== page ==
In accordance with the requirements of the UFLPA, the DHS’s Forced Labor Enforcement Task Force (FLETF) released its Strategy to Prevent the Importation of Goods Mined, Produced, or Manufactured with Forced Labor in the People’s Republic of China (PRC) (Strategy) on June 17,2022. The Strategy includes information regarding high priority sectors, the DHS’s enforcement plan, guidance to importers regarding due diligence and effective supply chain tracing, evidence to demonstrate that goods were not produced in the XUAR, and evidence to demonstrate that a good originating in the PRC was not produced with forced labor. The UFLPA also provides authority for sanctions for XUAR forced labor related activities. Notably, the Strategy also contemplates criminal liability for companies that fail to terminate a relationship with a supplier that uses forced labor or fails to take remedial action. 

Released Entity Lists

In accordance with UFLPA requirements, the DHS has published the UFLPA Entity List, which includes a list of entities the DHS has determined mine, produce, or manufacture merchandise with forced labor. The UFLPA Entity List is a consolidation of the lists that are provided below. As these lists are subject to change at any time, companies should regularly monitor the UFLPA Entity List on the DHS’s website to determine whether they are engaging in business with an entity listed by the DHS.

Entities in Xinjiang that mine, produce, or manufacture wholly or in part any goods, wares, articles and merchandise with forced labor:

  • Baoding LYSZD Trade and Business Co., Ltd.
  • Changji Esquel Textile Co. Ltd. (and one alias101: Changji Yida Textile)
  • Hetian Haolin Hair Accessories Co. Ltd. (and two aliases: Hotan Haolin Hair Accessories; and Hollin Hair Accessories)
  • Hetian Taida Apparel Co., Ltd (and one alias: Hetian TEDA Garment)
  • Hoshine Silicon Industry (Shanshan) Co., Ltd (including one alias: Hesheng Silicon Industry (Shanshan) Co.) and subsidiaries
  • Xinjiang Daqo New Energy, Co. Ltd (including three aliases: Xinjiang Great New Energy Co., Ltd.; Xinjiang Daxin Energy Co., Ltd.; and Xinjiang Daqin Energy Co., Ltd.)
  • Xinjiang East Hope Nonferrous Metals Co. Ltd. (including one alias: Xinjiang Nonferrous)
  • Xinjiang GCL New Energy Material Technology, Co. Ltd (including one alias: Xinjiang GCL New Energy Materials Technology Co.)
  • Xinjiang Junggar Cotton and Linen Co., Ltd.
  • Xinjiang Production and Construction Corps (including three aliases: XPCC; Xinjiang Corps; and Bingtuan) and its subordinate and affiliated entities

Entities working with the government of Xinjiang to recruit, transport, transfer, harbor or receive forced labor or Uyghurs, Kazakhs, Kyrgyz, or members of other persecuted groups out of Xinjiang:

  • Aksu Huafu Textiles Co. (including two aliases: Akesu Huafu and Aksu Huafu Dyed Melange Yarn)
  • Hefei Bitland Information Technology Co., Ltd. (including three aliases: Anhui Hefei Baolongda Information Technology; Hefei Baolongda Information Technology Co., Ltd.; and Hefei Bitland Optoelectronic Technology Co., Ltd.)
  • Hefei Meiling Co. Ltd. (including one alias: Hefei Meiling Group Holdings Limited)
  • KTK Group (including three aliases: Jiangsu Jinchuang Group; Jiangsu Jinchuang Holding Group; and KTK Holding)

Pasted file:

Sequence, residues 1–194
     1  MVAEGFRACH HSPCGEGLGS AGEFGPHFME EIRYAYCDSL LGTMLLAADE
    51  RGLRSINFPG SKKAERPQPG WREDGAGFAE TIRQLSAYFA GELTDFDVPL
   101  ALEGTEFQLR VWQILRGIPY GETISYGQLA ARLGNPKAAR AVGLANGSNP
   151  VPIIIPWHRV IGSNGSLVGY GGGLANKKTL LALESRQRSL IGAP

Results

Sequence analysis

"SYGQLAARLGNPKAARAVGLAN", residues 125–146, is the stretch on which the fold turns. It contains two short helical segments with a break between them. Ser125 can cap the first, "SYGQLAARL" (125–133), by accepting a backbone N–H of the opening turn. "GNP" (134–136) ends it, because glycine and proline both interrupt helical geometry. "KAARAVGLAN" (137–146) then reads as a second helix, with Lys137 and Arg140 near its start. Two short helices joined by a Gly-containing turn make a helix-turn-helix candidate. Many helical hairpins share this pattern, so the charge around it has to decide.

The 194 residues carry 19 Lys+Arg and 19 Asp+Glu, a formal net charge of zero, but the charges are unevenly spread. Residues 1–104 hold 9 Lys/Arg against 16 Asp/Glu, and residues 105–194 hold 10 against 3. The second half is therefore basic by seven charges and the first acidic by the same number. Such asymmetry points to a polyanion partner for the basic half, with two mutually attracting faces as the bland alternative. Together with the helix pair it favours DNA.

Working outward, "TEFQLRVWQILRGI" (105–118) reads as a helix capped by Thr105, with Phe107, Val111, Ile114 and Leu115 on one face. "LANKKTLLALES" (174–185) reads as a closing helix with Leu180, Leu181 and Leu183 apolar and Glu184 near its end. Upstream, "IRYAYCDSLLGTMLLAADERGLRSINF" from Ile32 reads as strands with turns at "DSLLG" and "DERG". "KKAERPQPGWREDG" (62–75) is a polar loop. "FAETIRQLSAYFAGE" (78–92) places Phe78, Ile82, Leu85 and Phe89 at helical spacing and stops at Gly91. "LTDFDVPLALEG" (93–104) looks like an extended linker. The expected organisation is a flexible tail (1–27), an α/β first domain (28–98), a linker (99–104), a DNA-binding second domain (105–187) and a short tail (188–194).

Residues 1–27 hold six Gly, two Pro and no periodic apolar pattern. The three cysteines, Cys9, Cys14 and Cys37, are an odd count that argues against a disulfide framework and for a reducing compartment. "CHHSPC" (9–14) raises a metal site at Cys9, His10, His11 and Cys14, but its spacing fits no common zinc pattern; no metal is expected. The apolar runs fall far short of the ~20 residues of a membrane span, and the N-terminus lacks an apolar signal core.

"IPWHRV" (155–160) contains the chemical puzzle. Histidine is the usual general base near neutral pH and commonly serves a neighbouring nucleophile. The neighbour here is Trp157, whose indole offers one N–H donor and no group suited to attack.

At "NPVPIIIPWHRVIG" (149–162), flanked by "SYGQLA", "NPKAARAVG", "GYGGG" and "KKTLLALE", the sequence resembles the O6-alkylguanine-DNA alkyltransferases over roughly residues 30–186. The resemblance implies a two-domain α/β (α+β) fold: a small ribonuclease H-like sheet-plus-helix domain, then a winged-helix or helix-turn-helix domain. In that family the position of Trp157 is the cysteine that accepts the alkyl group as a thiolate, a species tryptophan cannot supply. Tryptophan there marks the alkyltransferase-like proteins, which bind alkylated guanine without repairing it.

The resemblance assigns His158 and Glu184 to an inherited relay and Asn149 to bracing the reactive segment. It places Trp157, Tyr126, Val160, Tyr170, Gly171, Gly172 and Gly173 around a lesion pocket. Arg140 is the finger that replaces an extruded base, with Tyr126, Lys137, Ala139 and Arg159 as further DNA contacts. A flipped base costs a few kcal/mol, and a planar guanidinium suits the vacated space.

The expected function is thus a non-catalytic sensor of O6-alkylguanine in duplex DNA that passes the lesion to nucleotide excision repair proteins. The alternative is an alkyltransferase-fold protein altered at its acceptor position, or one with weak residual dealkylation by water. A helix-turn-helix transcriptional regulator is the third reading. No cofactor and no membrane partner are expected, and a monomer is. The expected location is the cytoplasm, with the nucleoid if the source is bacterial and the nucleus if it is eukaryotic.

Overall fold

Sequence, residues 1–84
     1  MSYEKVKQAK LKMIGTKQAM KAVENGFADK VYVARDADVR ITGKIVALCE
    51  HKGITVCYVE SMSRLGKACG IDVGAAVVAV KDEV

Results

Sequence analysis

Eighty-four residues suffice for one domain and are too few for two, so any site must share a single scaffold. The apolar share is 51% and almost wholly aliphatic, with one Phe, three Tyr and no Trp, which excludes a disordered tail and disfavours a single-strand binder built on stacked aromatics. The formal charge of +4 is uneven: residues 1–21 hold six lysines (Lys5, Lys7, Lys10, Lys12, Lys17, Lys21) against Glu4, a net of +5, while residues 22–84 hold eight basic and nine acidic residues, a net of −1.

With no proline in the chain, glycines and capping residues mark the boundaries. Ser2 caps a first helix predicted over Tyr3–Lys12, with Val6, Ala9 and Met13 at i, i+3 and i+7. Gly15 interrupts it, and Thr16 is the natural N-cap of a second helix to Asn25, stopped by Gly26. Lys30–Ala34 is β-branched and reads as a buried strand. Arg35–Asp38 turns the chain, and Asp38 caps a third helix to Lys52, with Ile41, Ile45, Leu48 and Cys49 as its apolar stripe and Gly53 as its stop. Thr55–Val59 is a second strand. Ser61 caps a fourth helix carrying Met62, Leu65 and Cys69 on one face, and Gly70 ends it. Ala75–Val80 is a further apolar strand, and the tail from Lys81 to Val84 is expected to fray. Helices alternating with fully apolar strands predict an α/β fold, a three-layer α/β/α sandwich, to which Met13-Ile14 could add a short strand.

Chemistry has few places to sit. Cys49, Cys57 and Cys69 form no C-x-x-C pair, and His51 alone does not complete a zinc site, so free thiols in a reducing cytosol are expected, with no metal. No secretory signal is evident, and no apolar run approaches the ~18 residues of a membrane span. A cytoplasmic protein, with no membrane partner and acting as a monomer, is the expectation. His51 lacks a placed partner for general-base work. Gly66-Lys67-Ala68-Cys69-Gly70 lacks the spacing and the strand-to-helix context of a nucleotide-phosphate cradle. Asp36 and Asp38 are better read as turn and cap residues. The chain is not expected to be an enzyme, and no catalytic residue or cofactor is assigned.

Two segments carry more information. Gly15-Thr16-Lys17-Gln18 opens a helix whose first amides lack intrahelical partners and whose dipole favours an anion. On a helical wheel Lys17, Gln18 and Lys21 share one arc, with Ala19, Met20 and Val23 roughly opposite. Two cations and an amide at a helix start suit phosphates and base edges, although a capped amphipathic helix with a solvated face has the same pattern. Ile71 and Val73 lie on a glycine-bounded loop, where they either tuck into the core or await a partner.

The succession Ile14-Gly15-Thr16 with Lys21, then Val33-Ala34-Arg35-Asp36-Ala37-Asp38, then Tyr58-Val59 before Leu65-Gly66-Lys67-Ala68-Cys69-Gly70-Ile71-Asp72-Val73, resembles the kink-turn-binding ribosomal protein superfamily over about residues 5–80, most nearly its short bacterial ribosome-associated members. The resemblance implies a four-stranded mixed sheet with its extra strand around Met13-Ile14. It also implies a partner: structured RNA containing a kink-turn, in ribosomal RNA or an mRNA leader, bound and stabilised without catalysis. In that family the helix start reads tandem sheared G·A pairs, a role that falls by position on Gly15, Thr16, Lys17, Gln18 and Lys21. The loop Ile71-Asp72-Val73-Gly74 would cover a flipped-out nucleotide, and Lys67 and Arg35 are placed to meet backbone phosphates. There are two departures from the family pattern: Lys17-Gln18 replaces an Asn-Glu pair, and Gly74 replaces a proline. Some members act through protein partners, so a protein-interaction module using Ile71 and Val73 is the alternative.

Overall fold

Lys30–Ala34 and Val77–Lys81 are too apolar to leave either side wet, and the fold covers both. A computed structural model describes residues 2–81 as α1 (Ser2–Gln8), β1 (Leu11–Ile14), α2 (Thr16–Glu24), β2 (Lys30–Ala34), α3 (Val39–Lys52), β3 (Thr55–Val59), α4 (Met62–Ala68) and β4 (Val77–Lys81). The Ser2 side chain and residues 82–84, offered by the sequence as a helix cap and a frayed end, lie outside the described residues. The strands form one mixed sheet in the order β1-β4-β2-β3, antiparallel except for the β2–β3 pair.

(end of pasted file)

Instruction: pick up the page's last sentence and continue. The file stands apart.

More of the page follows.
• Lop County Hair Product Industrial Park
  • Lop County Meixin Hair Products Co., Ltd.
  • Nanjing Synergy Textiles Co., Ltd. (including two aliases: Nanjing Xinyi Cotton Textile Printing and Dyeing; and Nanjing Xinyi Cotton Textile)
  • No. 4 Vocation Skills Education Training Center (VSETC)
  • Tanyuan Technology Co. Ltd. (including five aliases: Carbon Yuan Technology; Changzhou Carbon Yuan Technology Development; Carbon Element Technology; Jiangsu Carbon Element Technology; and Tanyuan Technology Development)
  • Xinjiang Production and Construction Corps (XPCC) and its subordinate and affiliated entities

Products mined, produced, or manufactured wholly or in part by entities on the list required by clause (i) or (ii):

Name of entity listed in clause (i) or (ii) Products mined, produced, or manufactured wholly or in part by each entity
Aksu Huafu Textiles Co. (including two aliases: Akesu Huafu and Aksu Huafu Dyed Melange Yarn) Textiles; Clothing
Baoding LYSZD Trade and Business Co., Ltd. Apparel
Changji Esquel Textile Co. Ltd. (and one alias: Changji Yida Textile) Textiles; Clothing
Hefei Bitland Information Technology Co., Ltd. (including three aliases: Anhui Hefei Baolongda Information Technology; Hefei Baolongda Information Technology Co., Ltd.; and Hefei Bitland Optoelectronic Technology Co., Ltd.) Computer parts; Electronics
Hefei Meiling Co. Ltd. (including one alias: Hefei Meiling Group Holdings Limited) Electronics
Hetian Haolin Hair Accessories Co. Ltd. (and two aliases: Hotan Haolin Hair Accessories; and Hollin Hair Accessories) Hair Products
Hetian Taida Apparel Co., Ltd (and one alias: Hetian TEDA Garment) Garments
Hoshine Silicon Industry (Shanshan) Co., Ltd (including one alias: Hesheng Silicon Industry (Shanshan) Co.) and subsidiaries Silica-Based Products
KTK Group (including three aliases: Jiangsu Jinchuang Group; Jiangsu Jinchuang Holding Group; and KTK Holding) Rail Transportation Equipment
Lop County Hair Product Industrial Park Hair Products
Lop County Meixin Hair Products Co., Ltd. Hair Products
Nanjing Synergy Textiles Co., Ltd. (including two aliases: Nanjing Xinyi Cotton Textile Printing and Dyeing; and Nanjing Xinyi Cotton Textile) Textiles; Clothing